Manoj Kaplinghat, Ph.D. Ohio State University, Professor of Physics and Astronomy


Anne A. Kirkby, Ph.D. California Institute of Technology, Lecturer of Physics and Astronomy


David P. Kirkby, Ph.D. California Institute of Technology, Professor of Physics and Astronomy (observational cosmology, data science, embedded systems)


Ilya N. Krivorotov, Ph.D. University of Minnesota, Associate Professor of Physics and Astronomy


Andrew J. Lankford, Ph.D. Yale University, Professor of Physics and Astronomy


Jon M. Lawrence, Ph.D. University of Rochester, Professor Emeritus of Physics and Astronomy


Zhihong Lin, Ph.D. Princeton University, Professor of Physics and Astronomy


Mark A. Mandelkern, Ph.D. University of California, Berkeley, Research Professor and Professor Emeritus of Physics and Astronomy


Alexei A. Maradudin, Ph.D. University of Bristol, Professor Emeritus of Physics and Astronomy


Roger D. McWilliams, Ph.D. Princeton University, Associate Dean of the School of Physical Sciences and Professor of Physics and Astronomy


William R. Molzon, Ph.D. University of Chicago, Professor of Physics and Astronomy


Shaul Mukamel, Ph.D. Tel Aviv University, UCI Distinguished Professor of Chemistry; Physics and Astronomy (physical chemistry and chemical physics, polymer, materials, nanoscience, theoretical and computational)


Simona Murgia, Ph.D. Michigan State University, Assistant Professor of Physics and Astronomy


Riley D. Newman, Ph.D. University of California, Berkeley, Professor Emeritus of Physics and Astronomy; Logic and Philosophy of Science; Physics and Astronomy


Xiaoqing Pan, Ph.D. Saarlandes University, Henry Samueli Endowed Chair and Professor of Chemical Engineering and Materials Science; Physics and Astronomy (transmission electron microscopy and materials science)


Siddharth Ashok Parameswaran, Ph.D. Princeton University, Assistant Professor of Physics and Astronomy


William H. Parker, Ph.D. University of Pennsylvania, Professor Emeritus of Physics and Astronomy


Arvind Rajaraman, Ph.D. Stanford University, Professor of Physics and Astronomy


Thorsten Ritz, Ph.D. University of Ulm, Professor of Physics and Astronomy


James E. Rutledge, Ph.D. University of Illinois at Chicago Circle, Professor Emeritus of Physics and Astronomy


Nathan Rynn, Ph.D. Stanford University, Professor Emeritus of Physics and Astronomy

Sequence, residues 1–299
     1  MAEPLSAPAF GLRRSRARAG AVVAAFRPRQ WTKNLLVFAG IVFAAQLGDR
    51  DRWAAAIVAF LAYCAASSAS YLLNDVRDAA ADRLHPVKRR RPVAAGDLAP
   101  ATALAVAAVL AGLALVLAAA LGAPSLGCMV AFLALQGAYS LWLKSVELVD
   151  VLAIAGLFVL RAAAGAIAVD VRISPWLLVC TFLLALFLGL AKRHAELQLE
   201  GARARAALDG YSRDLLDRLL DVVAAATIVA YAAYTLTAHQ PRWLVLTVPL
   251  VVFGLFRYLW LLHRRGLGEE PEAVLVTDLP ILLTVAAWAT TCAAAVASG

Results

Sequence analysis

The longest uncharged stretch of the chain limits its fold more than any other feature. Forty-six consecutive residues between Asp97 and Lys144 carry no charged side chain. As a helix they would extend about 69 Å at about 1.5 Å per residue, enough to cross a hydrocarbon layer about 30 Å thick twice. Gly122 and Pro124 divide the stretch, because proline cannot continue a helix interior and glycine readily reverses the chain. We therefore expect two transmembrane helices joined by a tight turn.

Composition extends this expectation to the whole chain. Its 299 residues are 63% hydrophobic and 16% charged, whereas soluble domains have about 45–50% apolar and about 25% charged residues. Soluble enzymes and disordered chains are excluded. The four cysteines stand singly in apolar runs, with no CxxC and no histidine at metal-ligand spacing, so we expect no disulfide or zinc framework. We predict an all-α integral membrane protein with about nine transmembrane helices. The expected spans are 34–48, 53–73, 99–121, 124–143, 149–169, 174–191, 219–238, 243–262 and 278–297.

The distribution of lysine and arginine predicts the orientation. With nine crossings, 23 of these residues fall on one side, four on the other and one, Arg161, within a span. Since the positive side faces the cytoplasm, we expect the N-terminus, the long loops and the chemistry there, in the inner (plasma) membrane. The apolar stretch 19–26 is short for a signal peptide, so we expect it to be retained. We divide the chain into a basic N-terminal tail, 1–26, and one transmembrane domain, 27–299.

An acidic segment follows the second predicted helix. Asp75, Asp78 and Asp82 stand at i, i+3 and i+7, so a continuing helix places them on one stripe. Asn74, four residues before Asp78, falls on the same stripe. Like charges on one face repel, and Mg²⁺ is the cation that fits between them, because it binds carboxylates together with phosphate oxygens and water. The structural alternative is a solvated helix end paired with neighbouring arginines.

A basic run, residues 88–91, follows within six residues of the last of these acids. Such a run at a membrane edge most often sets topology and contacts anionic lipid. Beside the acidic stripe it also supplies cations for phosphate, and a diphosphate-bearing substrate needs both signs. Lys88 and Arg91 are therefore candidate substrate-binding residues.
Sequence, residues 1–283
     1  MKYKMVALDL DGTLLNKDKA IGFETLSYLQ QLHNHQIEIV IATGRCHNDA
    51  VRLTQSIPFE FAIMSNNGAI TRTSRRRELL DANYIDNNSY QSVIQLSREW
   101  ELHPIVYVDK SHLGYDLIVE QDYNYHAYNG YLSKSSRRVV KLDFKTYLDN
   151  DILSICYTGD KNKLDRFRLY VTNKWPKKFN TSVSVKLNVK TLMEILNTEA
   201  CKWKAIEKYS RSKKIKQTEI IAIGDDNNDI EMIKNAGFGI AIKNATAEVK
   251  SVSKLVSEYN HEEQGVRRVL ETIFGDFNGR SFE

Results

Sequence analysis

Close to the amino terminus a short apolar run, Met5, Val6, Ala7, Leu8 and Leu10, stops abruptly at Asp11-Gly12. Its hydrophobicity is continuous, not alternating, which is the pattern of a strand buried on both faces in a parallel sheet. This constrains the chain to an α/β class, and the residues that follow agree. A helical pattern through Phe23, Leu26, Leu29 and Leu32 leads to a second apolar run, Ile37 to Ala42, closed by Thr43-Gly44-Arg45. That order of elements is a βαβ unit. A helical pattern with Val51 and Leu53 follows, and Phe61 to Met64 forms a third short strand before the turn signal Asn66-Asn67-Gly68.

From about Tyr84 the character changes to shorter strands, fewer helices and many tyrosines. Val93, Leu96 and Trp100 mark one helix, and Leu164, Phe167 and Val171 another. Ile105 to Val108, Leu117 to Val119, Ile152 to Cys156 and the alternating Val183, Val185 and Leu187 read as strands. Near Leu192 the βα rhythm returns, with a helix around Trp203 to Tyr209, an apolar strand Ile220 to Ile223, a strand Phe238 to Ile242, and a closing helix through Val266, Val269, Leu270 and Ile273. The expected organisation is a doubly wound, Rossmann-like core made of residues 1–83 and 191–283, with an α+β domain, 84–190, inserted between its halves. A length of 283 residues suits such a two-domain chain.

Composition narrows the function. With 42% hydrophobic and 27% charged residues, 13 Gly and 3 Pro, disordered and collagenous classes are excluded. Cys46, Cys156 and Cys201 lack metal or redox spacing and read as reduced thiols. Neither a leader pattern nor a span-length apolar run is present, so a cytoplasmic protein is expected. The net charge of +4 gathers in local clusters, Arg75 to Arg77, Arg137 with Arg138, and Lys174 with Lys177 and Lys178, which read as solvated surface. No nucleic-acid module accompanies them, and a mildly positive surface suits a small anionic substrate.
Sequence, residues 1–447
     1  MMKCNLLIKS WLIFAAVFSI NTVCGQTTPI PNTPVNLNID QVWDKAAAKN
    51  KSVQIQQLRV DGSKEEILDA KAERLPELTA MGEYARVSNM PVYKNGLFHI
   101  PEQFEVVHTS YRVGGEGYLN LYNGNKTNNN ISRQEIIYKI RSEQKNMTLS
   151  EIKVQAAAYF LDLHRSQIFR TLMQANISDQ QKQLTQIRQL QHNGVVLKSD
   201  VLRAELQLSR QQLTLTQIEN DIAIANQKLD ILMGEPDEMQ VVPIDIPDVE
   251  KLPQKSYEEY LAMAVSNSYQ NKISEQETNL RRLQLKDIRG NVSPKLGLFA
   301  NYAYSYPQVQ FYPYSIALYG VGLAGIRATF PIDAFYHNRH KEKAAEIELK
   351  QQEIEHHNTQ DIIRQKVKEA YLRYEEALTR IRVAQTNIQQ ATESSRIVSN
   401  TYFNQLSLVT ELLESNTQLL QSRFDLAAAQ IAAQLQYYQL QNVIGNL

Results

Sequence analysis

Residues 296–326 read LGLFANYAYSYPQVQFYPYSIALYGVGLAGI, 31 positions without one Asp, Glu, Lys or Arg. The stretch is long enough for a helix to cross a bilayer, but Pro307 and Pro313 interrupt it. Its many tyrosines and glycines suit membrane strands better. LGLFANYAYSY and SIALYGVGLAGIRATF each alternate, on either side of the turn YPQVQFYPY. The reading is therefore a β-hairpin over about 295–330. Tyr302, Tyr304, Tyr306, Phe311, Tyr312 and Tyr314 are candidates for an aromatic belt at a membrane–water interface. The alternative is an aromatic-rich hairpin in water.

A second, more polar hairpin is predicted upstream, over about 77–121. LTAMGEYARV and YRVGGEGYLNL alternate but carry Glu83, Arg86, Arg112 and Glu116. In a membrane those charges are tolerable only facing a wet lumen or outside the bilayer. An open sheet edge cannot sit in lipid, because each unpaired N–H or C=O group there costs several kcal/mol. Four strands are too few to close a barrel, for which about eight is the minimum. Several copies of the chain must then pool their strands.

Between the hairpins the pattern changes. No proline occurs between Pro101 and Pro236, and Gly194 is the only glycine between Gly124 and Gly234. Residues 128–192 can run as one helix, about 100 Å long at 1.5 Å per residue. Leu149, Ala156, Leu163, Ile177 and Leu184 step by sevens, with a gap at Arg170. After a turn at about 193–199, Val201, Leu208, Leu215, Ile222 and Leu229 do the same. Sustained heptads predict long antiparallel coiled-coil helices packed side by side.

Jonas Schultz, Ph.D. Columbia University, Professor Emeritus of Physics and Astronomy; Logic and Philosophy of Science


Yuri Shirman, Ph.D. University of California, Santa Cruz, Professor of Physics and Astronomy


Dennis J. Silverman, Ph.D. Stanford University, Professor Emeritus of Physics and Astronomy


Albert Siryaporn, Ph.D. University of Pennsylvania, Assistant Professor of Physics and Astronomy; Molecular Biology and Biochemistry


Zuzanna S. Siwy, Ph.D. Silesian University of Technology, Professor of Physics and Astronomy; Biomedical Engineering; Chemistry (biosensing, nanotechnology, condensed matter physics)


Tammy Ann Smecker-Hane, Ph.D. Johns Hopkins University, Associate Professor of Physics and Astronomy


Henry W. Sobel, Ph.D. Case Western Reserve University, Professor of Physics and Astronomy


Min-Ying Su, Ph.D. University of California, Irvine, Professor of Radiological Sciences; Physics and Astronomy


Peter Taborek, Ph.D. California Institute of Technology, Department Chair and Professor of Physics and Astronomy


Agnes Taffard, Ph.D. University of Liverpool, Associate Professor of Physics and Astronomy


Timothy Tait, Ph.D. Michigan State University, UCI Chancellor's Fellow and Professor of Physics and Astronomy


Fumiko Tajima, Ph.D. University of Tokyo, Lecturer of Physics and Astronomy


Toshiki Tajima, Ph.D. University of California, Irvine, UCI Endowed Chair and Adjunct Professor of Physics and Astronomy


Virginia L. Trimble, Ph.D. California Institute of Technology, Professor of Physics and Astronomy


Laura Tucker, B.A. California Polytechnic State University, Lecturer of Physics and Astronomy


Mark Vagins, Ph.D. Yale University, Adjunct Professor of Physics and Astronomy


Gerard Vanhoven, Ph.D. Standford University, Professor Emeritus of Physics and Astronomy


Richard F. Wallis, Ph.D. Catholic University of America, Professor Emeritus of Physics and Astronomy


Frank J. Wessel, Ph.D. University of California, Irvine, Project Scientist of Physics and Astronomy


Steven R. White, Ph.D. Cornell University, Professor of Physics and Astronomy


Daniel Whiteson, Ph.D. University of California, Berkeley, Associate Professor of Physics and Astronomy; Logic and Philosophy of Science


Ruqian Wu, Ph.D. Institute of Physics, Chinese Academy of Science, Professor of Physics and Astronomy


Jing Xia, Ph.D. Stanford University, Assistant Professor of Physics and Astronomy


Gaurang B. Yodh, Ph.D. University of Chicago, Professor Emeritus of Physics and Astronomy


Clare C. Yu, Ph.D. Princeton University, Professor of Physics and Astronomy

Academic Data

academic data

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Career Outcomes

career outcomes data

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Students & Alumni

Coming soon.